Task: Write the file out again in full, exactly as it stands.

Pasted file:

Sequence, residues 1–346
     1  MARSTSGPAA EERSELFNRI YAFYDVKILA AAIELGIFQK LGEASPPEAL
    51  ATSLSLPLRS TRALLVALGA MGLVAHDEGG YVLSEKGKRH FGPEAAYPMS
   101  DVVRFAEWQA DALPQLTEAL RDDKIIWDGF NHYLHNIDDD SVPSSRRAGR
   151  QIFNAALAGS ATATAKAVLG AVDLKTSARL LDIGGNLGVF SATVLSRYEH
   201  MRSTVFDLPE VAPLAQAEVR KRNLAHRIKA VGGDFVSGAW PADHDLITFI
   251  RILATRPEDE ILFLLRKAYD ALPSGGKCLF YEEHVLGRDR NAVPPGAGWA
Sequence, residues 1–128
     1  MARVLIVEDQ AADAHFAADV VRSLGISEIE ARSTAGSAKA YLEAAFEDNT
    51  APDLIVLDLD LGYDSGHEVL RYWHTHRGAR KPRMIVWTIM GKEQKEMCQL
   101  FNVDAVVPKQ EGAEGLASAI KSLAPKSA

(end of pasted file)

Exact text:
Sequence, residues 1–346
     1  MARSTSGPAA EERSELFNRI YAFYDVKILA AAIELGIFQK LGEASPPEAL
    51  ATSLSLPLRS TRALLVALGA MGLVAHDEGG YVLSEKGKRH FGPEAAYPMS
   101  DVVRFAEWQA DALPQLTEAL RDDKIIWDGF NHYLHNIDDD SVPSSRRAGR
   151  QIFNAALAGS ATATAKAVLG AVDLKTSARL LDIGGNLGVF SATVLSRYEH
   201  MRSTVFDLPE VAPLAQAEVR KRNLAHRIKA VGGDFVSGAW PADHDLITFI
   251  RILATRPEDE ILFLLRKAYD ALPSGGKCLF YEEHVLGRDR NAVPPGAGWA
Sequence, residues 1–128
     1  MARVLIVEDQ AADAHFAADV VRSLGISEIE ARSTAGSAKA YLEAAFEDNT
    51  APDLIVLDLD LGYDSGHEVL RYWHTHRGAR KPRMIVWTIM GKEQKEMCQL
   101  FNVDAVVPKQ EGAEGLASAI KSLAPKSA